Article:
This page contains a single entry from the blog posted on September 22, 2006 12:09 AM. The previous post in this blog was Moment of Zen, indeed. The next post in this blog is Shakeup at the PDC. Many more can be found on the main index page or by looking through the archives.

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Friday, September 22, 2006

Get your Muse on

As part of the academic life, I often receive in my various mailboxes what's known in the trade as a "call for papers." Some academic institution or scholarly journal is soliciting erudite writings for inclusion in a symposium on some esoteric topic or other. Sometimes they sound a little desperate; I get the feeling that the best collections are usually those assembled through private invitations, not through scattershot announcements.

Anyway, I just received a call for literary products of a different kind. Willamette Week is putting on another of its "Candidates Gone Wild" parties in advance of the upcoming elections, and it's sponsoring a political limerick contest as part of the festivities. The Double Dub has sent out a personal invitation to readers of this blog to submit entries.

Now here's an incentive to give it a shot: "Storm Large has agreed to read the finalists from stage on the night of the event and we will give the winner some nice prize." Storm Large, people! (Note to self: Find out who Storm Large is.)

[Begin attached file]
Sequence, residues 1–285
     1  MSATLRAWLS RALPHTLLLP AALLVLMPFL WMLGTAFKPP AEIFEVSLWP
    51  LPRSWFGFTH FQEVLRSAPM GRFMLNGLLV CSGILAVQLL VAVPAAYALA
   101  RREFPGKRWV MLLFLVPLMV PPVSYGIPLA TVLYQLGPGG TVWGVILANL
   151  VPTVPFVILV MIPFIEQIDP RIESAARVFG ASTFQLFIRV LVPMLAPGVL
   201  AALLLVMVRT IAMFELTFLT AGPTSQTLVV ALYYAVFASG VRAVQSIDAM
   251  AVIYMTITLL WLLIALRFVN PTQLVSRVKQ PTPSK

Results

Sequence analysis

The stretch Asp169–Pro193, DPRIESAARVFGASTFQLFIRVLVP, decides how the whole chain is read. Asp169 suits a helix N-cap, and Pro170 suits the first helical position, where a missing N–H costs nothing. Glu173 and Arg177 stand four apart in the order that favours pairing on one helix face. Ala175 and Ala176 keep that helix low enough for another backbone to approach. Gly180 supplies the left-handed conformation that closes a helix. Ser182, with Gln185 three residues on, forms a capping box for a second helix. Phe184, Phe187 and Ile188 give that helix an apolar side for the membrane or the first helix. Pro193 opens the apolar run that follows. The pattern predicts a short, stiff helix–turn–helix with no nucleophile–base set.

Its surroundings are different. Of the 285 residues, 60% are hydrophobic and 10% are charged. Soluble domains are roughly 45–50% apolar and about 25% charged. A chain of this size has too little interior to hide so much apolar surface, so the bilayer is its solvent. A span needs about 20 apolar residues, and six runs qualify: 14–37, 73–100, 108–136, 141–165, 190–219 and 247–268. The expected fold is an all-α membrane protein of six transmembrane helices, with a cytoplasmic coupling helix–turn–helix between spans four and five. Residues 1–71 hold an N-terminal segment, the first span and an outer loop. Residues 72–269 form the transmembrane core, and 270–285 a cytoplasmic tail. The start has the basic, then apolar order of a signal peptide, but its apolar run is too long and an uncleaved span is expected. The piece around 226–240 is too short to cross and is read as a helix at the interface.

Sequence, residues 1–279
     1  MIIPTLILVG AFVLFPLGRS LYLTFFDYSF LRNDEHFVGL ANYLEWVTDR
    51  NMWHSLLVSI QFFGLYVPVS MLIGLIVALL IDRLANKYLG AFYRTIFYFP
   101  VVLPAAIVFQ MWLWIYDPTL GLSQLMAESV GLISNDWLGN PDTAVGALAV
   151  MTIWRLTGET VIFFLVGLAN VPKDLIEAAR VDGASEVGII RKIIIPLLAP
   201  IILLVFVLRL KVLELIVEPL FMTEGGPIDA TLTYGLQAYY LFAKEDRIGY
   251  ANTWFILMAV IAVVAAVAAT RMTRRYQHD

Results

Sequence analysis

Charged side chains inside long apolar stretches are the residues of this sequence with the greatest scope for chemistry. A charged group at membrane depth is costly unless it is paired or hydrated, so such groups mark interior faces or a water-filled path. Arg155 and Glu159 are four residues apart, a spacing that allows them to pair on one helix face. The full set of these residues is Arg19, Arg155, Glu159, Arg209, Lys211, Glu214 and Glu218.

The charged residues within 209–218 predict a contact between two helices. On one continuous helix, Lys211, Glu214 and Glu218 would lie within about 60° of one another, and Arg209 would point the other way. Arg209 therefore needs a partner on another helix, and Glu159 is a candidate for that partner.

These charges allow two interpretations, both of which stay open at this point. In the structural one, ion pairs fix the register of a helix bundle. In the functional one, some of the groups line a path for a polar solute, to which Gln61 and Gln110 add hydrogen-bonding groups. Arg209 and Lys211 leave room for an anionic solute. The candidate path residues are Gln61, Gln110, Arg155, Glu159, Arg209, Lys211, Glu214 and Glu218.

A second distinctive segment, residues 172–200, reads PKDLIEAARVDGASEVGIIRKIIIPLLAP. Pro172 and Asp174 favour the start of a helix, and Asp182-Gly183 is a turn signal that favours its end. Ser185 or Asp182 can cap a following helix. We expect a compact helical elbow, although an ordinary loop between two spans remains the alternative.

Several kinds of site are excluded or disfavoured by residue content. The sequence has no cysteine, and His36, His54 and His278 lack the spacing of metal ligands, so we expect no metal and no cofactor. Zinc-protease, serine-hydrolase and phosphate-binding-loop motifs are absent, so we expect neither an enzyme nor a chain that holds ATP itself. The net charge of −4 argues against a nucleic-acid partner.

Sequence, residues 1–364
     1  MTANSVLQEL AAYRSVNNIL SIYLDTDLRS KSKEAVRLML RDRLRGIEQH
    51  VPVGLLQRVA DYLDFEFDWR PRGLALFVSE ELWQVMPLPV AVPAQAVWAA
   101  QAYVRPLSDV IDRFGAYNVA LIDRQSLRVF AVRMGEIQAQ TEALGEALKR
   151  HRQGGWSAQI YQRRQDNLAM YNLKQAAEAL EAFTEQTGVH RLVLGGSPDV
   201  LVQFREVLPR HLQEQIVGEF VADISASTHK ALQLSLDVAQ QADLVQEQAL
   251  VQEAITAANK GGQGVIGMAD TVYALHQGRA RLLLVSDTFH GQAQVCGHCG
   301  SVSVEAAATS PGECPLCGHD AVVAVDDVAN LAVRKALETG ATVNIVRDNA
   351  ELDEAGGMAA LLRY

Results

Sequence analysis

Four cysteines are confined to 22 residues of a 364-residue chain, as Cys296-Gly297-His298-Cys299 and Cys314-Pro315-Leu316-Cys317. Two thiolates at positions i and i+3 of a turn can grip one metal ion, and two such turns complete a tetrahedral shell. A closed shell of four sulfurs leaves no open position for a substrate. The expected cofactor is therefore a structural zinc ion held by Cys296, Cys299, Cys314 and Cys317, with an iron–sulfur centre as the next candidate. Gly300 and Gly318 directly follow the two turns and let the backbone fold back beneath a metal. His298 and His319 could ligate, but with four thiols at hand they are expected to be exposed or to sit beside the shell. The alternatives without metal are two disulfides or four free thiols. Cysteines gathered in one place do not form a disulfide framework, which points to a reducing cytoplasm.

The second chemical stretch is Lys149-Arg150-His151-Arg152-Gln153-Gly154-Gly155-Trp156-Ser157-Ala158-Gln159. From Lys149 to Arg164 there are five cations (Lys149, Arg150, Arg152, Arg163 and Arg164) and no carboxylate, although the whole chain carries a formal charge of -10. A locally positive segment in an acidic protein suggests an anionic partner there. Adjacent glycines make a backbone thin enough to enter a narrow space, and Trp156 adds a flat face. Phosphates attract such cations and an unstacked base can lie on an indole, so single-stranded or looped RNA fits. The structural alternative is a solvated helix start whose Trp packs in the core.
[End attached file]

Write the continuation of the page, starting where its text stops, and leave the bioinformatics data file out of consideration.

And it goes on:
As a participant in last spring's CGW, I can attest to the facts that it's a fun event, and that it helps shed light on the important choices that voters will be making. It's not without an agenda, however. Put together by WW and the kids at the Bus Project, CGW tends to reinforce the prevailing "progressive" political platform. The audience is packed with Stennian true believers, and it seems unlikely that any candidates whom the two sponsors are endorsing will emerge from the evening with any major scars. Meanwhile, candidates with whom they disagree may want to watch their backs.

Having said that, there's no reason not to get in on the hijinks. If you've got a political limerick, drop it in the comments here and we'll pass it on to the powers that be at Pulitzer Central. It doesn't have to be about the November races -- any topic will do, so long as your submission has to do with public affairs in Oregon. And the more wickedly funny, the better.

Here's one to get you started:

There once was a Member named Earl
Who rode his Trek all through the Pearl
One day his chain broke
He fell on a spoke
And now he sounds just like a girl

Like I say, it's just a warmup. You work on yours, I'll work on mine.

Comments (21)

I see there's another attack
from that grumpy old kvetcher named jack
his red-faced tantrums seem odd
at the waste and the fraud
but in the end, he's just watching our back
...thanks Jack!

You don't know who Storm Large is? Why, she's a genuine Portland celebrity, and you should Google her immediately! The chance to get "a nice prize" handed you by Storm in person is definitely worth it!

There once was a fireman named Randy
Who thought his fat pension was dandy
If you tried to tip off
The world to this ripoff
He'd kick your a*s halfway to Sandy

There once was a voyeur named Zach
Who paid to watch girls in the sack
The police asked him why
He shrugged with a sigh